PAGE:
Israeli Navy Seizes 'Rachel Corrie'
Editor’s Note: Shortly after dawn on Saturday, the Israeli Navy seized the Rachel Corrie in international waters about 35 miles off the coast of Gaza. Unlike the bloody assault on Monday, Israeli forces boarded the Rachel Corrie from sea, not from helicopters, Israeli officials said.
An Israeli spokesperson said there was no resistance from the crew or passengers. The following article was reported and filed before the assault took place:
Much to the dismay of the Israeli government, Rachel Corrie remains determined to protect the rights of Palestinians crowded into the Gaza Strip.
Of course, we're not talking about the young woman who was crushed under an Israeli bulldozer driven by the IDF in 2003, but rather a boat named in her honor, bringing humanitarian supplies to Gaza.
We reached the Rachel Corrie as it was some 85 miles off the coast of Gaza in international waters on Friday. Soon after we made contact with the ship, reports began to surface that the Rachel Corrie was being pursued by three Israeli Naval vessels, and that the ship's radar was jammed.
The Rachel Corrie was the last of the Gaza Freedom Movement to set sail for Gaza. Israeli commandos attacked the other six ships in the flotilla on Monday as activists on board attempted to break the Israeli embargo of goods heading toward Gaza. When a scuffle broke out on the Turkish-flagged Mavi Marmara, the commandos killed nine passengers and wounded dozens.
Despite Israeli claims that the boats are sponsored by – and filled with – Al Qaeda-connected terrorists, the ship's manifest lists among its passengers a Nobel Peace Laureate, a former assistant secretary of the United Nations, and a member of the Malaysian Parliament.
We got in touch with the Rachel Corrie on a very shaky line as its passengers braced themselves for an attack. According to those on board, they are hoping to reach port without another deadly encounter, but they are prepared for the worst.
We spoke with Derek Graham, a long time anti-occupation activist from Ireland who was himself on another Free Gaza Movement flotilla last year which was violently boarded by Israeli commandos. That vessel was pirated at sea and its contents were seized by Israeli Defense Forces.
At the time we spoke with Graham, the Rachel Corrie was five miles closer to Gaza than the previous flotilla when it was attacked.
Despite the Israeli attack earlier this week, Graham seemed calm and focused on the mission at hand, but tension was rising among the activists.
“People are determined, but at the same time they're starting to get a little bit more anxious,” Graham said. “I have personal experience of these commandos coming on board, because I was arrested last year by these same commandos, and I understand exactly how frightening it is.”
When questioned about the statement by Israel's Prime Minister Benjamin Netanyahu that these were nothing but terrorists, Graham dismissed the accusations as “absolutely ridiculous.” He explained that if the vessel is attacked by Israeli commandos, the unarmed passengers have no intention of fighting back. “This is a completely peaceful mission... We will not resist in any way, shape or form. We are unarmed. These [commandos] are extremely heavily armed, and we will not resist them.”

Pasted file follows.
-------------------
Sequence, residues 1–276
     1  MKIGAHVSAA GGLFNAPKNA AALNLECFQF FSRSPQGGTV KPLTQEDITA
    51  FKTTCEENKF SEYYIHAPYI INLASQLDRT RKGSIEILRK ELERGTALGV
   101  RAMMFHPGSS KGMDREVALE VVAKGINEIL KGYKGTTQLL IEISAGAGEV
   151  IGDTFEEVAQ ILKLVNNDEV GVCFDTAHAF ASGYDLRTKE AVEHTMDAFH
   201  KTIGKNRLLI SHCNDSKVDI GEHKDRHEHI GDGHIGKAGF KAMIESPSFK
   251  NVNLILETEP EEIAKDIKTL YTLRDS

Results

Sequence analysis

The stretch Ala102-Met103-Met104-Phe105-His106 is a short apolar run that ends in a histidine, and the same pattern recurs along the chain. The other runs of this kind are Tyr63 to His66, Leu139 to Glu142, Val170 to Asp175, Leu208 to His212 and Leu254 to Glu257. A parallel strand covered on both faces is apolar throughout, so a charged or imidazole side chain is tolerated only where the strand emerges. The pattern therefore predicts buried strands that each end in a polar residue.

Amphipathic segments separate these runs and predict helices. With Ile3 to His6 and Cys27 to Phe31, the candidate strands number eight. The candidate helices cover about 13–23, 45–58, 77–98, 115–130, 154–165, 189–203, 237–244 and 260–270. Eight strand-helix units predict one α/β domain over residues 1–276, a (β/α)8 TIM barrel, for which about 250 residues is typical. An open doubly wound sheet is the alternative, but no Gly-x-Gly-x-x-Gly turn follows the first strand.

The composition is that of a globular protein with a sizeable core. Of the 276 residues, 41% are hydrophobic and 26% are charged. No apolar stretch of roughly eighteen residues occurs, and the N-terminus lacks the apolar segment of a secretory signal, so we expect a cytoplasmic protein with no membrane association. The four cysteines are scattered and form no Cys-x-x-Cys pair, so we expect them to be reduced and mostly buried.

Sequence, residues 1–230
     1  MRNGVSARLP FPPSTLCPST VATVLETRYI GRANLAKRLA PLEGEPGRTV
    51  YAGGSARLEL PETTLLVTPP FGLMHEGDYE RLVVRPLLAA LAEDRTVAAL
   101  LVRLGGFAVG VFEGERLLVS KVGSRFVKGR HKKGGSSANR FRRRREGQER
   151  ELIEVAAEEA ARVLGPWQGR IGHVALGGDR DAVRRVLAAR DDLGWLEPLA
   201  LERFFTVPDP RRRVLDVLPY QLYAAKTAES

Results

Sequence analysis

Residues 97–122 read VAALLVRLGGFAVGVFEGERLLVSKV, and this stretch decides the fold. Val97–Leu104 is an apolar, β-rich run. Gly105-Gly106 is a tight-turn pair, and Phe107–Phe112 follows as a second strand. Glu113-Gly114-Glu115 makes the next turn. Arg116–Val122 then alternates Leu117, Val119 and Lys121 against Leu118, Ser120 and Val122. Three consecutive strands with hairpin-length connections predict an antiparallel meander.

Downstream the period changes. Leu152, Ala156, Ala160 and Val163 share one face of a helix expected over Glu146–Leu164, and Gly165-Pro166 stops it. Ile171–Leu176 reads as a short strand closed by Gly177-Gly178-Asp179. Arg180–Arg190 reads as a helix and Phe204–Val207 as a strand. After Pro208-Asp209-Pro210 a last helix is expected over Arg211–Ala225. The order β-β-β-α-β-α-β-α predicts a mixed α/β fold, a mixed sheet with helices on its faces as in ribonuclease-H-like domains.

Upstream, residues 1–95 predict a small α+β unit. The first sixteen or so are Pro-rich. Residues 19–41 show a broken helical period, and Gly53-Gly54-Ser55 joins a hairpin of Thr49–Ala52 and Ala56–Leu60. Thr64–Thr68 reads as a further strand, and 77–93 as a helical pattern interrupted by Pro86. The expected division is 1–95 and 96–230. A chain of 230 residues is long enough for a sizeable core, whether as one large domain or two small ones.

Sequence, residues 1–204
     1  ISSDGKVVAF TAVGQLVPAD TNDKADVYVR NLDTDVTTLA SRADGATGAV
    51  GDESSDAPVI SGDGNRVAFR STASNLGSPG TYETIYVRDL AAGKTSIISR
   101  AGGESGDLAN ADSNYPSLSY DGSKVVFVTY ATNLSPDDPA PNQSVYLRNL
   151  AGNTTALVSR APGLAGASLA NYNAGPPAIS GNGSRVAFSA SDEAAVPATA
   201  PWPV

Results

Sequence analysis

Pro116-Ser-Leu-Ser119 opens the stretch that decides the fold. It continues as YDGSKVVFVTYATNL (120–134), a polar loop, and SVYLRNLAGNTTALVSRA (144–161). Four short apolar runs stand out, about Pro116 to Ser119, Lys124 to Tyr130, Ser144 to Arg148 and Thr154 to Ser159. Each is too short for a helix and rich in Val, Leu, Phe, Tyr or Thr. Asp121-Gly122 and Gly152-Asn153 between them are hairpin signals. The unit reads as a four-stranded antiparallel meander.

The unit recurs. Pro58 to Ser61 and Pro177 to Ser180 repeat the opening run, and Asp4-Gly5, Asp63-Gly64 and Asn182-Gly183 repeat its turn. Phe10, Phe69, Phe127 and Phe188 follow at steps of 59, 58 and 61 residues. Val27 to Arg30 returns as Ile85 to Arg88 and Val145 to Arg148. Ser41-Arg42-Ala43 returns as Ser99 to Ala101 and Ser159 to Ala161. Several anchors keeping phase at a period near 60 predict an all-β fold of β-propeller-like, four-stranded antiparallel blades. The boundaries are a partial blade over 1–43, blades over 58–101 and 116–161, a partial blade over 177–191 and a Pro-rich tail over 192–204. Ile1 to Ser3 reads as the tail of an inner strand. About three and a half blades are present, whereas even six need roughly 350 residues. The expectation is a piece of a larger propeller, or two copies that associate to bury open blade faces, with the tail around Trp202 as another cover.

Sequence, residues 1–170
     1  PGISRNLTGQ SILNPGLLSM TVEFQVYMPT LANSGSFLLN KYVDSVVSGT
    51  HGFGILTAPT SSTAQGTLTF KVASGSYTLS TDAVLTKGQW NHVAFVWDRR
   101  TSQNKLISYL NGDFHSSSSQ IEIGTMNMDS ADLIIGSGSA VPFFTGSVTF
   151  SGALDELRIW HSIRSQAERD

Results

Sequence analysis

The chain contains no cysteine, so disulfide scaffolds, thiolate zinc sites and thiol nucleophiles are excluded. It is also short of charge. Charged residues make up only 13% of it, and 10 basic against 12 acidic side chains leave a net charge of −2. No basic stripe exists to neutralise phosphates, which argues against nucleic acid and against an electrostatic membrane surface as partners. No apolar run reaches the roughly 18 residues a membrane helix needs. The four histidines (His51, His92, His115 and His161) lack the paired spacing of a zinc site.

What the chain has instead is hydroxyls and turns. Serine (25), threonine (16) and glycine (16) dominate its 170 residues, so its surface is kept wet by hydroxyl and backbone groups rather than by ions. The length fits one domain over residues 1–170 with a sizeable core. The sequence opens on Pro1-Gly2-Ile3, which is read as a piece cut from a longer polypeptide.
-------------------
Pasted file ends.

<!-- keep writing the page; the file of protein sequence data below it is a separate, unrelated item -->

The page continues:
Graham said the boats were fully vetted and searched, and the activists welcome all legitimate international inspections of the cargo.
“This ship has been inspected fully by customs and X-rays, which were in Ireland before we left,” Graham said. “Once they finished their inspection, the hatch covers were sealed and the security tags are still on the hatches and have not been touched.”
Graham said they were bringing “things like children's toys, educational materials and reconstruction materials... We also are carrying medical aid.” These are precisely the items that were confiscated by the Israeli military from the flotilla that Graham was on last year.
All the activists on board the Rachel Corrie hope to honor Corrie's legacy to the best of their abilities, and are honored to continue her work, Graham said. Referring to Corrie, Graham said, “She was an amazingly brilliant girl, and we're proud to have the ship named after her.”
In an interview earlier this week, Cindy Corrie, the mother of Rachel Corrie, who is now suing the Israeli government for the bulldozer killing of her daughter, is also very proud that her daughter's name lives on and that her daughter's work has inspired activists to take up the mantle of liberation of the Palestinian people, and to continue her work to break the blockade on Gaza.
“It was very moving to us to hear that [the boat] was being named the Rachel Corrie,” Cindy Corrie said. “We know some of the Irish activists who were involved in making this happen, and we have such respect for their work.”
Meanwhile, there is deep concern among Gaza boat activists that the Israeli violence will continue. Henry Norr, a long-time anti-occupation activist, journalist and flotilla supporter, spoke with one of those detained Monday, 68-year-old Janet Colberne.
“They were still beating people in the airport as the detainees were loading up at Ben-Gurion International Airport,” Colberne said.
Derek Graham ended our interview with a message for President Obama: “Please get in touch with the Israeli government and ask them to lift the siege... and let this aid in. There will never be peace in the Middle East until people are treated equally and with respect.”